The other day, I was in a room full of teachers who, in a
fit of poor judgment, had asked me to do a workshop on learning
fractions. I assigned a problem on
fraction division and was walking around the room listening to teachers’
conversations as they made sense of the problem. I just chanced to hear one teacher mutter, “God I hate
Now, those of you who know me understand that I cannot pass
up an opportunity to confront issues of motivation whenever they come up. “Hold on!” I stopped the conversation,
“Why do you hate division by fractions so much? Where did this come from?”
Sheepishly, the teacher reflected on the years of
frustration she had had in her mathematical experiences, and how she just
inverted and multiplied to get the correct answer. She was frustrated that I was forcing her to try the
problems without this familiar (and useful, to be truthful) procedure, and
projected that this experience was similar to all those demoralizing experiences
she had growing up.
This was a shocker.
My intent was not to frustrate the teachers (too much…). My intent was
to get them to work through the problems from the perspective of a 5th
grader, without their adult knowledge of fractions to support them. Well, I got what I had asked for. This teacher, upon feeling frustrated,
began to develop what researchers call “situational interest.” But, like her 5th
graders, her situational interest was negative instead of positive. This struck home to me, that whenever a
person is engaged in some difficult mathematical task, they learn both the
content—how to divide by fractions and how to think about models that use
iterative units to compare one fraction to another—and the motivation—in this
case that division by mathematics was frustrating and non-interesting.
I brought this up and used it as an opportunity to reflect
on the learning of my teachers’ students.
How do students react when presented with challenging tasks? Do they relish the challenge? Do they feel frustrated and upset? Why would two children from the same
classroom react in different ways to ostensibly the same task? We used the fraction division task the
teachers were engaging in as an example.
Some teachers said that they enjoyed trying new ways to solve the
problem and that doing so gave them new insight into the mathematics and
especially into children’s mathematics.
Some, like my frustrated teacher, really disliked the task and felt it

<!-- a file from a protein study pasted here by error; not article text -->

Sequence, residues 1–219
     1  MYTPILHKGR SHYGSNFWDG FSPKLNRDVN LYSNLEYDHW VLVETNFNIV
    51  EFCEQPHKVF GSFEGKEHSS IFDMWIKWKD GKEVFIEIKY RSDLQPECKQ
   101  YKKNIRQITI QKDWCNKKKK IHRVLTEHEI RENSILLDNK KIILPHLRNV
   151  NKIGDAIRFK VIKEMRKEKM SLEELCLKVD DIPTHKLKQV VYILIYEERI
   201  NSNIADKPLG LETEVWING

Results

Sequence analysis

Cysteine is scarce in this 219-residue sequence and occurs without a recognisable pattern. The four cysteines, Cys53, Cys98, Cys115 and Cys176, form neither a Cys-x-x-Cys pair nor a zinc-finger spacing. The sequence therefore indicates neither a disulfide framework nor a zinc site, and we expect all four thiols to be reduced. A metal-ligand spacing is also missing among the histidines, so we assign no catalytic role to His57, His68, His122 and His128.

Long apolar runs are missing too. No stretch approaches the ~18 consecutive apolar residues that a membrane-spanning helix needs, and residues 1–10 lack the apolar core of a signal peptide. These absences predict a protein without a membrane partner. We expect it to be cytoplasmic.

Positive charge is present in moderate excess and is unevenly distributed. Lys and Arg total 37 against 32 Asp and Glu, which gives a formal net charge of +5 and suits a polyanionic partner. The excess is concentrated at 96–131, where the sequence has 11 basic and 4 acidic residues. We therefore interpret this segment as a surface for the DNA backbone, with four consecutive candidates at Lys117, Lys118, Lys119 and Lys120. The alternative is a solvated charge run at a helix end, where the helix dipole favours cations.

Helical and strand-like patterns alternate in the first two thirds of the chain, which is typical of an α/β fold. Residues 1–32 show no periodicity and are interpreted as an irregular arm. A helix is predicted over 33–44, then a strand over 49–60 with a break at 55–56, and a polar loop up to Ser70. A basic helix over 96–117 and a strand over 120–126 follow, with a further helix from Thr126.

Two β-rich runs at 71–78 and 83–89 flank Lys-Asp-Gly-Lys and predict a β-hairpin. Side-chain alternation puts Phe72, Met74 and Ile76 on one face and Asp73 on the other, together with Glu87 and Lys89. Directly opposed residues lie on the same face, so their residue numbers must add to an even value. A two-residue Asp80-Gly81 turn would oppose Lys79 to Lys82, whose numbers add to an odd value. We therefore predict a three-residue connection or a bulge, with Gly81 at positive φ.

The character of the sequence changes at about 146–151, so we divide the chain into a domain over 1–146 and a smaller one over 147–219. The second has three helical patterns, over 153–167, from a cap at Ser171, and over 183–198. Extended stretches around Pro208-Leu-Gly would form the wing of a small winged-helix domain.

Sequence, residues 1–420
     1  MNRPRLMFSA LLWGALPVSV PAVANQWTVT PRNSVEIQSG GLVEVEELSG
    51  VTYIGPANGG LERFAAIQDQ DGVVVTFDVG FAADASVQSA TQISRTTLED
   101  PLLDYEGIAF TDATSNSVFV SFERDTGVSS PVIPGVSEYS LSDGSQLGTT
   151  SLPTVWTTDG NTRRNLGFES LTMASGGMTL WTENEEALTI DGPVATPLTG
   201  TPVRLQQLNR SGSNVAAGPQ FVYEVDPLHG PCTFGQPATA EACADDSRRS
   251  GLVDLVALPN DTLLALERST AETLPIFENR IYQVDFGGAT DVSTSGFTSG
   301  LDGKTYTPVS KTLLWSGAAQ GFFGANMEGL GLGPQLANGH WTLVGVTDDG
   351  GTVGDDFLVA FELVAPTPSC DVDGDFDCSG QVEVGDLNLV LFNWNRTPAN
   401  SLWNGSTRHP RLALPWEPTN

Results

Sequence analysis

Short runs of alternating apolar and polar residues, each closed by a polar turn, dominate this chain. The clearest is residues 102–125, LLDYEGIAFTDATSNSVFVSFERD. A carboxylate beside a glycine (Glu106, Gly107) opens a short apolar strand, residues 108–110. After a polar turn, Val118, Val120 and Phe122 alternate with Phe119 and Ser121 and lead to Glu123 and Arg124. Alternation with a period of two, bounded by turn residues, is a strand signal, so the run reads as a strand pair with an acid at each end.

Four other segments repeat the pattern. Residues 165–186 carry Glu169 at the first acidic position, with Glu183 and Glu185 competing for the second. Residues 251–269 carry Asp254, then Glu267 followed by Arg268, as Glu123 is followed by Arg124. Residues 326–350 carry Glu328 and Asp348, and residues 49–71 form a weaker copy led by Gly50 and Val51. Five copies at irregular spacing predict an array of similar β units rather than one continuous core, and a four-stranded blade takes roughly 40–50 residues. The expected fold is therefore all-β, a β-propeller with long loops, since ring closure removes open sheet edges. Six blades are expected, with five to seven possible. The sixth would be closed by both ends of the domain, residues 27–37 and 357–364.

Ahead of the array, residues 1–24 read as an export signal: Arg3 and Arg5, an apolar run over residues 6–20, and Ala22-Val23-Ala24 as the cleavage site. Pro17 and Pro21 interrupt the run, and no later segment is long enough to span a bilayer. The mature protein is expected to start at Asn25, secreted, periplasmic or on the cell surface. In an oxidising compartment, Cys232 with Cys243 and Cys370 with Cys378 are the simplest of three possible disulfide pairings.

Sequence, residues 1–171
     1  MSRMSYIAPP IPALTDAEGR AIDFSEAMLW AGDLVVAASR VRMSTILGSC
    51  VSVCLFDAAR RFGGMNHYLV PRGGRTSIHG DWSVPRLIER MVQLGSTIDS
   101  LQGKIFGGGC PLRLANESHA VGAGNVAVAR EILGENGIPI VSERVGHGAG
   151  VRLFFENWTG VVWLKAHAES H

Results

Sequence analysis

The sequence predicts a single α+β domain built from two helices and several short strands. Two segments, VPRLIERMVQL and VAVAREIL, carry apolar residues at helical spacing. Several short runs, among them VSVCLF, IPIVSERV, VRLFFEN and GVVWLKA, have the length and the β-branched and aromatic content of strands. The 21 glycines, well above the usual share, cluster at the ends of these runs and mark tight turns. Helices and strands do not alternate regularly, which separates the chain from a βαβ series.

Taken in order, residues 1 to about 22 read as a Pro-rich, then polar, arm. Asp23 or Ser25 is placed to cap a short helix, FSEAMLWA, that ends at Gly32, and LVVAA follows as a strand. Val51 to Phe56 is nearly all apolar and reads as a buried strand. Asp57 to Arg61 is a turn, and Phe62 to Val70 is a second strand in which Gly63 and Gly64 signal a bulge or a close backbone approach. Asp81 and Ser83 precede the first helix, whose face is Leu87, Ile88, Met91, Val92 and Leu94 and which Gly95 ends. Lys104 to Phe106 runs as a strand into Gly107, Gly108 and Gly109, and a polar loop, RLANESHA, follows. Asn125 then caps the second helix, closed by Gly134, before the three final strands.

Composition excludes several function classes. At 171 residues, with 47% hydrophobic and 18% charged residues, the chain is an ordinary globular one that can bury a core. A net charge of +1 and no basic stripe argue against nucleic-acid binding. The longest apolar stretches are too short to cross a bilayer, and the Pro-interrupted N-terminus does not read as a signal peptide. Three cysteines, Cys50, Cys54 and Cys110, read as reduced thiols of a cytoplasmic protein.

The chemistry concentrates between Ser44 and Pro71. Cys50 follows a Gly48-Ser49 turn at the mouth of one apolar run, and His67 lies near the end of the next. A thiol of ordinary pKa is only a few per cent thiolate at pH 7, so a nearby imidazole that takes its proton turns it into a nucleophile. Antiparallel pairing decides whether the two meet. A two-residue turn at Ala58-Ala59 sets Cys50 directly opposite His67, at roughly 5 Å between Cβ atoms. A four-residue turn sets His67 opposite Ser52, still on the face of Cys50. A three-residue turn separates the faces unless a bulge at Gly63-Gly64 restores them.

did them no good. And some
disliked the task but felt that it was important to engage in it so that they
would be better prepared for their students’ reaction to both content and
Our conversation brought up three key motivational patterns
that each of us sees every day.
Some students are right in line with our instruction, learning and
liking it—feeling successful, relishing the challenge, and persevering through
the frustration. These students
appear Intrinsically Motivated, and
these positive behaviors show it. Some
students just don’t like the task. For whatever reason, they don’t see it as an
interest, and don’t see the utility of it. These students need some social
motivation or even some reward or contingency to help them engage and even have
the possibility of gaining interest in the task. They appear to be Extrinsically Motivated. The third group of students plug along,
not too excited, but on board motivationally because they see the mathematics
as being Useful to them. These students appear to have learning
goals and positive self-regulation strategies that help them stay engaged even
when they personally don’t like the activity.
In reality, all classrooms exhibit these three patterns
(even professional development workshops that I run). To be honest, each of us exhibits these patterns for
different activities in our lives.
A key challenge for us as teachers is to recognize that each pattern has
its own adaptive advantages to the children (or adults…) and that different
pedagogical approaches will help students engage and succeed.
Like we say in our book, there are no quick fixes. Motivating students requires knowing
about the sources of students’ likes and dislikes, goals and aspirations, and
their predilections. Armed with
this knowledge, a teacher can tailor their instruction to the needs of each of
her/his students a little bit better each day.
Back to our story. Because we stopped and discussed my teacher's frustration in a matter of fact way, with no blame assigned to her, collectively we helped the teacher overcome her frustration and re-define her motivation to include the usefulness of the task for reaching her students who were having difficulty understanding how one can divide a smaller number by a larger number and how to expand their operation sense to include fractions in this scheme. She still didn't much like the task, but the overall activity she reclassified as useful for her own goals as a professional.
Best wishes in YOUR struggles. More stories of our struggles are on the way!